Hello and welcome.
I am an idiot. A little over a week ago I foolishly started an experiment. I say experiment, though the word experiment is used in a very loose sense. In fact it’s not an experiment at all, no matter how loosely you use the word: it’s something altogether different.
Let’s start again.
I am an idiot. A little over a week ago I began to pitch feature ideas to every UK magazine listed in the Writers’ & Artists’ Yearbook. There are 642 of them in total – magazines that is, not Writers’ and Artists’ Yearbooks. The W&A Yearbook, for those who don’t know, is a faintly depressing book – a yearbook, whatever the hell that is – that lists a bunch of publishers, contact details for newspapers and magazines, advice on how to approach television channels and production companies, the details of agents – you get the picture I’m sure. On the front cover there is a quote from Julie Myerson – whoever the hell that is – letting us know that the book is “the best friend an aspiring writer can have” (not true: my best friend is Gary Sams) and on the back there’s a load more guff about it being “a must for established and aspiring authors” (The Society of Authors), “full of useful stuff” (J.K. Rowling) and “packed with tips and professional insight” (The Association of Illustrators).
I’m really beginning to hate it.
I’m beginning to hate it because there’s a shitty introduction by Richard Madeley and Judy Finnigan. I’m beginning to hate it because the advice – bar one or two exceptions – isn’t going to help anyone, let alone me. I’m beginning to hate it because it just sits there on my desk all red and yellow and garish, doing nothing. I’m really beginning to hate it because there are 642 magazines in there and I’ve made a decision to pitch every single one. That means I have to pitch Trout and Salmon, Slim at Home, and Black Hair and Beauty. It means that in the last week I’ve already pitched Accounting and Business, Aeroplane Monthly and AIR International. It means, in short, that I am an idiot. An idiot with his work cut out.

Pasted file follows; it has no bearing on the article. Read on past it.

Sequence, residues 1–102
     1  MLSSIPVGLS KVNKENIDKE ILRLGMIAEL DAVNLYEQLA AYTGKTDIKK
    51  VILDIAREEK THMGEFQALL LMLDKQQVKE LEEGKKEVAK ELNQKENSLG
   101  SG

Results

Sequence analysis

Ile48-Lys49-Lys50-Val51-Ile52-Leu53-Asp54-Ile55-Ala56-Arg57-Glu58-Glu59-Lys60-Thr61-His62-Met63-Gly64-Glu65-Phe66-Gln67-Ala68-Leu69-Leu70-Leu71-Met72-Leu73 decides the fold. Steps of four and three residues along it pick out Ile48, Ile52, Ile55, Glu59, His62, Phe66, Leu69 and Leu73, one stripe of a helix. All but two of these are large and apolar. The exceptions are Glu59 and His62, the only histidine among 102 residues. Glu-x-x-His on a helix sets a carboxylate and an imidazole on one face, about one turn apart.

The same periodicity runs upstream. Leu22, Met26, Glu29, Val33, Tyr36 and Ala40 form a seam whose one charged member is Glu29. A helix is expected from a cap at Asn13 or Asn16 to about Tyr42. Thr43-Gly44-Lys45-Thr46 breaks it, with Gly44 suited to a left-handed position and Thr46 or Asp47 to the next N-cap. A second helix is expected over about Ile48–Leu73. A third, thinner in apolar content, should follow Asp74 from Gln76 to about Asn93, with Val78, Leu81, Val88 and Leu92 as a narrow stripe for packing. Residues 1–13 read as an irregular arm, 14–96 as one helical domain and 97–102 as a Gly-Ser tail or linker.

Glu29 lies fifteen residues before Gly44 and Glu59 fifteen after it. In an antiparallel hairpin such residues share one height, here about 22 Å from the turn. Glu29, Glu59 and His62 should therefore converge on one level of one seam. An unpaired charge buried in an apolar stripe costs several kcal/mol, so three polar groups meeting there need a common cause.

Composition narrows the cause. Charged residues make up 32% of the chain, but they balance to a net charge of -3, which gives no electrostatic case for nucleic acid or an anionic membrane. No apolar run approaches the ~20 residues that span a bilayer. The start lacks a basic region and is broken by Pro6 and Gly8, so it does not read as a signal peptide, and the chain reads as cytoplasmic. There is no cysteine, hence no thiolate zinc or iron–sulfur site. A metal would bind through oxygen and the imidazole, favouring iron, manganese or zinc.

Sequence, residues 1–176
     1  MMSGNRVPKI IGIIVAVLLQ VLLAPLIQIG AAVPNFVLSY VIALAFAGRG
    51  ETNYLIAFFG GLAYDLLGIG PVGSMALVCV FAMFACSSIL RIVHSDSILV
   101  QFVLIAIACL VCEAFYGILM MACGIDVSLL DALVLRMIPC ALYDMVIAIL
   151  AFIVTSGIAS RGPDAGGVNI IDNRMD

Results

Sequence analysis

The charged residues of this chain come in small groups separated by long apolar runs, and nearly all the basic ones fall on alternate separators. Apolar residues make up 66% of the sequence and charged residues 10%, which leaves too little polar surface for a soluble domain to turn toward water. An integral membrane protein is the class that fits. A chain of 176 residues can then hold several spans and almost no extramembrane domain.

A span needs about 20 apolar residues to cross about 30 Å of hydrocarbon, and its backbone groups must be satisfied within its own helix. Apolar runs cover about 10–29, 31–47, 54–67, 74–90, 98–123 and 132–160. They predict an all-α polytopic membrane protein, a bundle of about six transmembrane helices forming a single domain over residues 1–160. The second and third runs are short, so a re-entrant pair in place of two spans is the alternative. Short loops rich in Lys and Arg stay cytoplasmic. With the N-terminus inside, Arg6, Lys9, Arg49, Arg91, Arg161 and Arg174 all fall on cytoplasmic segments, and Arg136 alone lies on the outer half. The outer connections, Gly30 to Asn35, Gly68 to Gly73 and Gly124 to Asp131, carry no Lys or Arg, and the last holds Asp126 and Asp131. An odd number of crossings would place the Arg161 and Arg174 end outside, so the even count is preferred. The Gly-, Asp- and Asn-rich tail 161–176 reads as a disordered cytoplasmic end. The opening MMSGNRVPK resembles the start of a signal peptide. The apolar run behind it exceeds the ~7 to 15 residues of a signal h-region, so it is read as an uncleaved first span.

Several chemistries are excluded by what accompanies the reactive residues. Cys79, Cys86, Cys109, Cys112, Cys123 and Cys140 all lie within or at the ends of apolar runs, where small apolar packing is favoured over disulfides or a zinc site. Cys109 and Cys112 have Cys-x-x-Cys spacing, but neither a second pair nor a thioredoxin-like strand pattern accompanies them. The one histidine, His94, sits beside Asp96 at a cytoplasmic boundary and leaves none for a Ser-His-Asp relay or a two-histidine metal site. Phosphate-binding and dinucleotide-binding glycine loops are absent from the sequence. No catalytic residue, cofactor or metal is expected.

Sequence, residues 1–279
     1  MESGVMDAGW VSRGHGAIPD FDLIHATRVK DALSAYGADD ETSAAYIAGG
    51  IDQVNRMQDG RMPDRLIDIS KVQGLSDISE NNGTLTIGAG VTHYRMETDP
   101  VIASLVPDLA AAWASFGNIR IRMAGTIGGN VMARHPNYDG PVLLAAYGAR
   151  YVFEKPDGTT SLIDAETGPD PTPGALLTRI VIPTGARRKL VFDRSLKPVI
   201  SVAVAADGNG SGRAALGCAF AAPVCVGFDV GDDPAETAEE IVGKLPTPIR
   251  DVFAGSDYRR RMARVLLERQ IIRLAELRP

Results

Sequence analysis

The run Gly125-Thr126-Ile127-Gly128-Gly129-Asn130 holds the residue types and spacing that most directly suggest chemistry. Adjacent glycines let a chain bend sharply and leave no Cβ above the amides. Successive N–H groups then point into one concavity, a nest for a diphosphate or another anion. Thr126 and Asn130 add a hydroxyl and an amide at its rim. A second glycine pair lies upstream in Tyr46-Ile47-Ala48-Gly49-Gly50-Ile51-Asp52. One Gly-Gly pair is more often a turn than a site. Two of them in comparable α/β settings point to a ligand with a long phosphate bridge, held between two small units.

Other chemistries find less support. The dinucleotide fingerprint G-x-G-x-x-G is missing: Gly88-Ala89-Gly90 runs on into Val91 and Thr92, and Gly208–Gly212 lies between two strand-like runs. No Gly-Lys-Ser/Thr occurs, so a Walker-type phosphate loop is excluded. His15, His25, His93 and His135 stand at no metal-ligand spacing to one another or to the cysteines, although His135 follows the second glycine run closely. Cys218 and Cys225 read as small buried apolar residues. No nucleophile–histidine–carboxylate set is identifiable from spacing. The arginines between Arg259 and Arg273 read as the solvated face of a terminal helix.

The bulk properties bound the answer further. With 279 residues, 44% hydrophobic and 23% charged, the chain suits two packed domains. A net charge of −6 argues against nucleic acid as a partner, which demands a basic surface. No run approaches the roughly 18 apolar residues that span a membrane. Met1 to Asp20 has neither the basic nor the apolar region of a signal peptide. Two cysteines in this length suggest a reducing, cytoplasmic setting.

A good question here would be “Why? Why would you want to pitch every magazine in that depressing yearbook?”
Well, that is indeed a good question. A good answer is a little harder to come by, but I’ll give it a shot. Firstly, I came up with the idea when I was stoned in Darwin, Australia. Now, if you’ve ever been stoned in Darwin, Australia, you’ll know that a lot of things that strike you as good ideas cease to be good ideas when you’re not stoned in Darwin, Australia. Problem is, I had told my wife about my idea (I think I might have said something along the lines of “I’ve had a breakthrough”) and my brother-in-law about my idea and a few other people and it just kind of snowballed to the extent that I can’t back away from my breakthrough because I’ve had lots of breakthroughs before and mostly they just peter out because they are not really breakthroughs at all, just rubbish ideas. So that’s one reason: I’m sticking with it to prove a point.
Another reason is that it’s my livelihood. Prior to being stoned in Darwin, Australia I was a political speechwriter in St Kitts, the Caribbean. I left that job for reasons far too numerous and complicated to go into now, but the main reason I left that job as a political speechwriter in St Kitts, the Caribbean was to go back to being a freelance journalist. That’s right: at possibly the worst time in history for freelancers I left my prestigious, well paid and more-exotic-sounding-than-it-is job to go back to journalism. And when I was stoned in Darwin, Australia, the thought of hassling my regular editors for commissions struck me as too depressing for words. So I thought I would cast my net a little wider. So I decided to pitch loads of different magazines, and the W&A Yearbook seemed a good place to start.
I’ll go into some other reasons another time (bet you can’t wait). I’ll go into a lot of other stuff too: who I’ve pitched so far and what their responses have been; regular updates on my pitching success or otherwise; the nature of journalism in modern Britain and the writer I’d most like to fight in a pub car park.
Until then, then.